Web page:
Sooner or later in the life of every mmm … Malthusian, let’s say .. there comes a moment when you need to learn how to work with the Git like a human being. In particular, engage in gardening – grow branches, graft them, cut them, and so on.
Well, I’m an amateur gardener and always pushed everything into a master. I drove a tank to the store for bread, so to speak.
But the time has come when it is important that the shoots grow in the right direction … Let’s say we made a fork (on the github website, click the button on the top right) and ..
1) clone it to local
git clone firstname.lastname@example.org:<my_username>/<fork>.git2) connected to the main rep (in order to later roll updates from there)
git clone https://github.com/<my_username>/<fork>.git
git remote add upstream git://github.com/<user>/<repka>.git
3) create branch
git branch <branch_name>
4) made the branch active
git checkout <branch_name>(you can immediately make a branch and make it active:
git checkout -b <branch_name>)
5) well, we programmed cool features on our local computer. preparing a commit:
git add <file_name>
git commit -m "<comment>"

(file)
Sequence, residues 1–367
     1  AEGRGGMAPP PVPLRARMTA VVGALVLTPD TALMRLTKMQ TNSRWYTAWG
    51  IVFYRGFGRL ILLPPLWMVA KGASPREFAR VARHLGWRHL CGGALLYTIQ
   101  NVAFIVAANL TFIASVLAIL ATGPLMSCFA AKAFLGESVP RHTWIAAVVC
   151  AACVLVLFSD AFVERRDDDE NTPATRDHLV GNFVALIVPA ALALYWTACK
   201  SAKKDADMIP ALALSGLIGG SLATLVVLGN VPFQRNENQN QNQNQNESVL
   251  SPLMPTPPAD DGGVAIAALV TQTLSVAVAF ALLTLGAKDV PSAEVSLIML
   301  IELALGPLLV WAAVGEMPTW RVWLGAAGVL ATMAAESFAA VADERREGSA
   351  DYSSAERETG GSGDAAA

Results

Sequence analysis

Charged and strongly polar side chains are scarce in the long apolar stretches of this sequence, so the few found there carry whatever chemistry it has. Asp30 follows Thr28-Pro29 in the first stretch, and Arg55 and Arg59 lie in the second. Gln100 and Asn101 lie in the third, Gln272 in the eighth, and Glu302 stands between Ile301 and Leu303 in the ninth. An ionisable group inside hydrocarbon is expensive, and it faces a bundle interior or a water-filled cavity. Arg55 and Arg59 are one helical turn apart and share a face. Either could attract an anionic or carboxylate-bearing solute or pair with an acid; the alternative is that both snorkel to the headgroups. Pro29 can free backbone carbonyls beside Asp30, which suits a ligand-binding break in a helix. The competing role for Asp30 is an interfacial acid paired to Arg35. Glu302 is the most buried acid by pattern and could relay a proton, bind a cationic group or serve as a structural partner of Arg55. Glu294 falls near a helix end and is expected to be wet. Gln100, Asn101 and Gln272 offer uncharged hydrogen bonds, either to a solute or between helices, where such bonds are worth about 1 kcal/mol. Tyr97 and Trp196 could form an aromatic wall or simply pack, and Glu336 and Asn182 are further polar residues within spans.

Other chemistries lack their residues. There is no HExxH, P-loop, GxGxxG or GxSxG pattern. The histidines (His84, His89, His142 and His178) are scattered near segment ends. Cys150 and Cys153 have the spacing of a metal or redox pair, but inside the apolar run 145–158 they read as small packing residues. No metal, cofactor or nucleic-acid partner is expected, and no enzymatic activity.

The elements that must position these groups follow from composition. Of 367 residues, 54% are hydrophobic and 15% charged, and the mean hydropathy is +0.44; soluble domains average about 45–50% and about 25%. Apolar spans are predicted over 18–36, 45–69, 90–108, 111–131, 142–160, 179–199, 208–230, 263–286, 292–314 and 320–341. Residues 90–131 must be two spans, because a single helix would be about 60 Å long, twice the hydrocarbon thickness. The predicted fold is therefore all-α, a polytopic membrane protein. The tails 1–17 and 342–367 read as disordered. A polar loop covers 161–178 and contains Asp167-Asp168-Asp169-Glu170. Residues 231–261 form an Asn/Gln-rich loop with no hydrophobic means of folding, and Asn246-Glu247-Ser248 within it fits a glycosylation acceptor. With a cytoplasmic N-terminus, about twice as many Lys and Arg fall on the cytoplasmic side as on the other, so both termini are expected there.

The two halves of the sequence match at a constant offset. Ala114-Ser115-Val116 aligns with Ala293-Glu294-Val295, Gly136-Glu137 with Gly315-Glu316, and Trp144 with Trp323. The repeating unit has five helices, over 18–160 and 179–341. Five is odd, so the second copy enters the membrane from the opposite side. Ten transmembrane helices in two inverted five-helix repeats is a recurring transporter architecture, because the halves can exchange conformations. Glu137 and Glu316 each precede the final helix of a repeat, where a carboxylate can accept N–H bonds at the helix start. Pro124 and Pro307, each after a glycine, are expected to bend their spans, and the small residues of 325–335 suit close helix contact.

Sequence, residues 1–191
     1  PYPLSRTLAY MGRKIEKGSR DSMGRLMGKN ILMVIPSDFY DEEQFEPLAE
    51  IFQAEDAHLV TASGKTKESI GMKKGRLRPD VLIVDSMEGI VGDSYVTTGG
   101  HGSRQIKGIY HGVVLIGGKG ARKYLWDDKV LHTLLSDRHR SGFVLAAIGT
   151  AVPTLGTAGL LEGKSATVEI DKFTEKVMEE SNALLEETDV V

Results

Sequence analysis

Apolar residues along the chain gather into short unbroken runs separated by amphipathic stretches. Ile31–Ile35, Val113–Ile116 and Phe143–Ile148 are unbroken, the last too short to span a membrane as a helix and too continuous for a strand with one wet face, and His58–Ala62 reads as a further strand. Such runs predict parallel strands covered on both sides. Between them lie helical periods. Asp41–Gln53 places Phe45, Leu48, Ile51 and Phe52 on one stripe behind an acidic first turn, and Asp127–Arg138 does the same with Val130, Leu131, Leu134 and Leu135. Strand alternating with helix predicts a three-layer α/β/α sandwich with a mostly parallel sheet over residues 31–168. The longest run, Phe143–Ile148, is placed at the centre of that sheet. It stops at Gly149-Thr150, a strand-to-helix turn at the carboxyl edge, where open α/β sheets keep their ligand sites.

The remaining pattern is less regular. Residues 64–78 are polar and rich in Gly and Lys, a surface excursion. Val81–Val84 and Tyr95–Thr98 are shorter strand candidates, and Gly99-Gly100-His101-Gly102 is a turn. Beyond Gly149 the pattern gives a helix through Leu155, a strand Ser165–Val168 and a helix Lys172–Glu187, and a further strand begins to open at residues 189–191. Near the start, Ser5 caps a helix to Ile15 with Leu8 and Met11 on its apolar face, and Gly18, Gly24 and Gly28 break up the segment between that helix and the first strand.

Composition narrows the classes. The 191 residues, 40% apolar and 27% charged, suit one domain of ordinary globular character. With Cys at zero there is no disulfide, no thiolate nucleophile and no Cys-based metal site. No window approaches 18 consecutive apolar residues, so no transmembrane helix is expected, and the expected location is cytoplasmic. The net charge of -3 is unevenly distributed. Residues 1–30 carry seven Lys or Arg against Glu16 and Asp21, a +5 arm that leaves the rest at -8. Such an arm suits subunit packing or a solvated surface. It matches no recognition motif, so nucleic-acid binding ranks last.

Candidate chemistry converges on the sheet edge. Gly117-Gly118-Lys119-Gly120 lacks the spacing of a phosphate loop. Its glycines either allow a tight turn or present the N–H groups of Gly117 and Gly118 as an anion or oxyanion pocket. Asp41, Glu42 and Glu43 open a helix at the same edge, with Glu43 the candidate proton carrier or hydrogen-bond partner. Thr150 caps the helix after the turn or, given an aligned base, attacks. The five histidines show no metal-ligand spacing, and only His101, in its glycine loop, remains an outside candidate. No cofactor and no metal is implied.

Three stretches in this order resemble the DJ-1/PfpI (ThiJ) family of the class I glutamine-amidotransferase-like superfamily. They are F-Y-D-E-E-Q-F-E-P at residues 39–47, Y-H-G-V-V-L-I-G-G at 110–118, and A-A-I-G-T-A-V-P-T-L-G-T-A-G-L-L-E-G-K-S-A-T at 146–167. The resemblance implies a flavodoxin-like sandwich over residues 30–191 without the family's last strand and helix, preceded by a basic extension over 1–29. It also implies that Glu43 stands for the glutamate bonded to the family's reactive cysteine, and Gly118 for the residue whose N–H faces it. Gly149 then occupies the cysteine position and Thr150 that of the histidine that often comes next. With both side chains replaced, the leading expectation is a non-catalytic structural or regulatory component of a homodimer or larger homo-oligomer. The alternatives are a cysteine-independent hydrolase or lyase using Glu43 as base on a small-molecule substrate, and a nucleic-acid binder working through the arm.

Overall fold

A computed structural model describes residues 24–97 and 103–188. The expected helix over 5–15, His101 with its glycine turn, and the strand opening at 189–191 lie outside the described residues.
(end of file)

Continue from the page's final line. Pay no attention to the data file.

6) tested and published in our branch remotely:
git push -f origin <branch_name>
Meanwhile, the original turnip also did not stand still and the wildest updates appeared there as well. How to update your turnip? To start:
gitklook at the intricacies of branches (-all)
git remote -v(we check where and where the ears of our escape grow). When executed, this is what it shows:
origin https://github.com/<my_username>/<fork>.git (fetch)
origin https://github.com/<my_username>/<fork>.git (push)
upstream https://github.com/<dev_user>/<original>.git (fetch)
upstream https://github.com/<dev_user>/<original>.git (push)
origin – this is what we have on the local; our clone project. upstream is work with the parent project. At the end, in brackets, they write what we can do with them – fetch (pull out) and push (push there from the clone). Btw,
git pull – it’s basically two commands in one:
git fetch и
Now we update the master of our fork:
git fetch upstream
git checkout master
git rebase upstream/master
Next, switch to your branch and make rebase:
git checkout <branch_name>
git merge master
Well, we throw the new version to the remote:
git push --set-upstream origin <branch_name>
Congratulations, you made it!